… such an ending (Janet’s death) would be, in a sense, totally arbitrary in that it won’t really be the end of the story. In that respect, I am reminded of the war-time words of Winston Churchill: “Now this is not the end. It is not even the beginning of the end. But it is, perhaps, the end of the beginning.”

Indeed, as long as anyone remains alive with this sort of disease, there will never really be an end because the world is like a still pond and each life that God drops into it produces ripples. These ripples, in turn, interact and produce unseen effects long after the lives that created the ripples have passed from human memory…

So given all that, how do you specify an “end” that isn’t totally arbitrary?

Like the television signals carrying the original live broadcasts of “I Love Lucy” and “The Honeymooners” out into the universe, the ripples of Janet’s life will continue to expand outward causing new, ever more distant effects. This is why, for myself, I have made the decision to keep writing after Janet’s death and to continue for as long as God gives me the words to say, the strength to type and the eye sight to find the keys (I do not touch type – I’m more of an advanced hunt-and-peck kinda guy).

Finally, I would be remiss if I failed to point out that the loss of participation also impacts the groups themselves in a very predictable way: loss of expertise and knowledge. When someone new joins, they have a few common questions that boil down to some pretty basic concerns:

  • What happens now?
  • What’s going to be the impact on my loved one?
  • How bad will it get?
  • I’m afraid. Is this survivable?
  • What happens to my family?
  • What happens to me?

Only someone who has been through the entire experience can answer all those questions. Only someone who has been through and seen the worst, can with authority say to another, “Yes, you can do this.”

And then moving beyond those basics, there are the hundreds (of thousands) of everyday questions about how to do this, or that. So remember experience brings wisdom, wisdom imbues credibility, credibility instills confidence, and confidence is transformative.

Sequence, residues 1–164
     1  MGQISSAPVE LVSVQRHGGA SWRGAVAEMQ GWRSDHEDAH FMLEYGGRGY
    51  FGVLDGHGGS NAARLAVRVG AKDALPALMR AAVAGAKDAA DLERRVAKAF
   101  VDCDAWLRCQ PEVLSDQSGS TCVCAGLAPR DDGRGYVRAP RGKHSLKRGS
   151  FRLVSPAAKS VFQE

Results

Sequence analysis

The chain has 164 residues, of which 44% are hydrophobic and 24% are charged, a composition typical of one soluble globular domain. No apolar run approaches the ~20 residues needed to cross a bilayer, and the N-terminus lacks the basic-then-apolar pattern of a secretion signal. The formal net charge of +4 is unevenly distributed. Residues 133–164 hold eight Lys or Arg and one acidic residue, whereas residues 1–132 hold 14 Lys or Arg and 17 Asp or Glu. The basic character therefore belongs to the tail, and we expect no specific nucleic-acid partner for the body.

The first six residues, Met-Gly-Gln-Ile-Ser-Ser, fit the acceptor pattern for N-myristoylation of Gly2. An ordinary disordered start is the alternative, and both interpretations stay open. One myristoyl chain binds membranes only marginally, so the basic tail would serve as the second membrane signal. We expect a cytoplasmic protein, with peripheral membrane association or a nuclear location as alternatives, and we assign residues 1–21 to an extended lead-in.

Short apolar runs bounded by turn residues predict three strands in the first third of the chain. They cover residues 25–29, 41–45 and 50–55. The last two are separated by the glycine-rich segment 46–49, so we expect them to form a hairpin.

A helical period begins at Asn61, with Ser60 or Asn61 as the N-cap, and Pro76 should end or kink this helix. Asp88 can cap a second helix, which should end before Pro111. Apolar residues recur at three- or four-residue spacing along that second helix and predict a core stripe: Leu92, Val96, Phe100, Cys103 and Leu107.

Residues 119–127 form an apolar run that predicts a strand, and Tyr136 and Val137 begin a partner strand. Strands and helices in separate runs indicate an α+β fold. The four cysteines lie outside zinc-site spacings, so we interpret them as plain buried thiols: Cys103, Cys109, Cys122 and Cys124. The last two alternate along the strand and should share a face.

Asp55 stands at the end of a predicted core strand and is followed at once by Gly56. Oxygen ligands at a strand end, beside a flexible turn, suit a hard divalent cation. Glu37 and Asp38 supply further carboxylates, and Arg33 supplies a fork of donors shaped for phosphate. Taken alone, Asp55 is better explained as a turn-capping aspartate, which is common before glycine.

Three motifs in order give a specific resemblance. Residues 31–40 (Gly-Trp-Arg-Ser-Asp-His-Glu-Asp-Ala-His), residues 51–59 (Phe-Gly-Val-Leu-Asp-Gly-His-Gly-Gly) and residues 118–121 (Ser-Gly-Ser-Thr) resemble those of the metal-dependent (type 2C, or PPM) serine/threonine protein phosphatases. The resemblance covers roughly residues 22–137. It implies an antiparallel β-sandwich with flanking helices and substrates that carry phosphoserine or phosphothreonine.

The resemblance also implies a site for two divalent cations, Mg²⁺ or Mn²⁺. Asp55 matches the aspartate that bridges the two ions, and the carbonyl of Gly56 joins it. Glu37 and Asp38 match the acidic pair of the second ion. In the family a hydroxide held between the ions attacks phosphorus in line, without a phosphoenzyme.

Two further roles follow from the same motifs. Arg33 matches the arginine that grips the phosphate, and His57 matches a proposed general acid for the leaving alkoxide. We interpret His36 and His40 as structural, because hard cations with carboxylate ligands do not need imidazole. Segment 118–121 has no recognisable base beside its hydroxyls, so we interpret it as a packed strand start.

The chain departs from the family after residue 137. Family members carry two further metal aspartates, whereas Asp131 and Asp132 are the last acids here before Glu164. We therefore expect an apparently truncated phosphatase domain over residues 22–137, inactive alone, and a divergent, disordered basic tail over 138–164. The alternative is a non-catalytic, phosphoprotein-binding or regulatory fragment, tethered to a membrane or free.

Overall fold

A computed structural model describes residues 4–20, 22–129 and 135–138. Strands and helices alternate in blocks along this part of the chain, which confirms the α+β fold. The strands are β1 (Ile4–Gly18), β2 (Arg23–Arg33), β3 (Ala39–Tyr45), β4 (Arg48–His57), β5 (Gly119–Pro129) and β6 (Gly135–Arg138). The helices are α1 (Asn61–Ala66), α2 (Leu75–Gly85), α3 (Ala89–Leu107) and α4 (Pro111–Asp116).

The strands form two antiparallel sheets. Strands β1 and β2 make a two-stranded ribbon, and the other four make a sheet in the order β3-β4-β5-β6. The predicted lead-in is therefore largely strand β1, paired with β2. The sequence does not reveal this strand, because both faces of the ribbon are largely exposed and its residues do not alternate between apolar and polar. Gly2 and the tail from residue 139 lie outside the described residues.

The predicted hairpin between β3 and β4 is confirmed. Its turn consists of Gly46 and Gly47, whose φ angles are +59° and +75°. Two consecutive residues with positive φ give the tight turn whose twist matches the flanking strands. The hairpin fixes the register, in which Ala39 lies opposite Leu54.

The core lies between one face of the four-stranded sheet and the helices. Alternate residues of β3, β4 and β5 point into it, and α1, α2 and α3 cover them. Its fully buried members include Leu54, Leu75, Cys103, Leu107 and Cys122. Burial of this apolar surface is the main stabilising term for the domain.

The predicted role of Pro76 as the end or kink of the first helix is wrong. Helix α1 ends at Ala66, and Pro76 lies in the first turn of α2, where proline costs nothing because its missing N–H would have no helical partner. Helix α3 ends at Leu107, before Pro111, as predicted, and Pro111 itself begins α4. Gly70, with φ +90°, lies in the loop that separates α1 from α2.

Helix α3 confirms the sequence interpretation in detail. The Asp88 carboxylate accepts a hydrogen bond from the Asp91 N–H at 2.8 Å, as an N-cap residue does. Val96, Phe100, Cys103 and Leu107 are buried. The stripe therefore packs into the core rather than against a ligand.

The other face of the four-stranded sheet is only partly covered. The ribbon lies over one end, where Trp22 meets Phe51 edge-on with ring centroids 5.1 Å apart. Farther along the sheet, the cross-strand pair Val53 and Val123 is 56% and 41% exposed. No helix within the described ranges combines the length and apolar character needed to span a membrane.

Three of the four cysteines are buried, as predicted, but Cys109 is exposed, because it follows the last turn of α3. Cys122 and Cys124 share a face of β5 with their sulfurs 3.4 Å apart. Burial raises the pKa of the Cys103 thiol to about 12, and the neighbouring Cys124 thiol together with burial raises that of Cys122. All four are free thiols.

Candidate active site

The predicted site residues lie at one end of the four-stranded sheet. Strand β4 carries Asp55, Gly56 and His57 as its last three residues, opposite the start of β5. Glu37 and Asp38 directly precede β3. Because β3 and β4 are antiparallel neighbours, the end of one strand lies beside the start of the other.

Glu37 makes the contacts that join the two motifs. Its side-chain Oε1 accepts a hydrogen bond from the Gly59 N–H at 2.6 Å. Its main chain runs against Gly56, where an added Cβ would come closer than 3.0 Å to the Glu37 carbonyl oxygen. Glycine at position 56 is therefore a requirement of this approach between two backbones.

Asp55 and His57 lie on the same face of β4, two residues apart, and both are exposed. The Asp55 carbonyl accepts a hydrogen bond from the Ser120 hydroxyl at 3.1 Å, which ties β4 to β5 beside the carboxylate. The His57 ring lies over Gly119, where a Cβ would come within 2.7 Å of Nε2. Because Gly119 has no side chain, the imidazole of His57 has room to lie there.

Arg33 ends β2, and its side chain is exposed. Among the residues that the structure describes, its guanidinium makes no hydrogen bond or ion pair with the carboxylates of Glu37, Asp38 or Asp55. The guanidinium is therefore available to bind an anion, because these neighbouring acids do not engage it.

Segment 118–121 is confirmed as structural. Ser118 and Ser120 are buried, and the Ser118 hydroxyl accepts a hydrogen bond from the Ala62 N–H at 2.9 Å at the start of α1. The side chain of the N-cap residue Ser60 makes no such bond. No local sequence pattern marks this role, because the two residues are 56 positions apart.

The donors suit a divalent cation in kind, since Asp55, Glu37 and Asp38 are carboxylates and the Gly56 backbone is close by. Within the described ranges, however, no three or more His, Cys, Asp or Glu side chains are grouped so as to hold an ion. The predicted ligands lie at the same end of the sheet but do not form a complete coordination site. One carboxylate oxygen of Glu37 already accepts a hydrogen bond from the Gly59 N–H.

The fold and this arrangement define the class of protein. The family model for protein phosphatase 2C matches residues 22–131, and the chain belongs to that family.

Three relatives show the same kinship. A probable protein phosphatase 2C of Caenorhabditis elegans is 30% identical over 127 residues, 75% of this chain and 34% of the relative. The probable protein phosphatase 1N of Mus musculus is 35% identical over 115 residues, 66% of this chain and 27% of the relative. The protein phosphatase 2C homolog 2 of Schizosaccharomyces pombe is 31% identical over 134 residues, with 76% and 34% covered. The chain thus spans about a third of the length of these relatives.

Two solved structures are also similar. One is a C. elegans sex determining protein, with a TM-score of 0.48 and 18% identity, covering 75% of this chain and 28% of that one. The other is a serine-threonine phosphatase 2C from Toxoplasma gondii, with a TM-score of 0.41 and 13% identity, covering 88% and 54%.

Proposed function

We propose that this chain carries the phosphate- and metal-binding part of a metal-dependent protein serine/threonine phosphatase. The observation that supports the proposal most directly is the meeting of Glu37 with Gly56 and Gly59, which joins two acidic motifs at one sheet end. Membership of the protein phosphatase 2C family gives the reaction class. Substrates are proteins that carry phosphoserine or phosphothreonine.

A recurring theme of my writing is that our everyday experiences are preparation for what’s coming. The things that you have endured have been to prepare you for the future. Now is your time.

In Christ, Amen ☩

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A prayer for when you feel drained…

“Blessed are You, Lord God, King of the Universe. It is right that I should at all times and in all circumstances bless You for the help You give, the salvation You provide and comfort with which you surround us. But today I want to bless you especially for the opportunity to share with and comfort those who are just starting on the road that I have been treading. Please show me how to give them hope and share with them a measure of the strength that you have given me. Amen.”

3 Replies to “Brain Drain”

  1. AMEN! AMEN! AMEN! My husband and I were just recently discussing that after the person with HD has died, the family doesn’t seem to have the energy to continue with support groups, fundraisers, conferences, etc. I can totally understand their exhaustion and need to move away from it all. But like you said, in doing that we lose all their wisdom and experience that might help us who are still walking and stumbling along that path! I appreciate that you have committed to continuing to write for us and I pray you have the strength to follow through with it. I imagine that it won’t be easy but will certainly be most appreciated by all of us who follow your blog!

    1. Great read. I lost my wife to HD in 2014 after 14 years of this disease. I also raised our two young children during this time and worked a full-time job. She was 43 years old when she passed at home and I was 44. She always lived with me. I wasn’t prepared for not being needed 24/7 and having no life of my own. 20 years of kids and caregiving coming to an abrupt end made for a very difficult 3 years of adjusting. Luckily I found cycling and that became my passion. I also met someone special through cycling. I’ve had a tough journey, but life is great today.

  2. My journey is not with Huntingtons but dementia. My husband is currently on hospice (has been for 3.5 years.) I already feel compelled to help those at the beginning of the journey.
    No one knows for sure what “after” will bring. But I feel that God is using the disease to teach me something enduring. Where I go from here, only He knows!
    Very well written, by the way 😊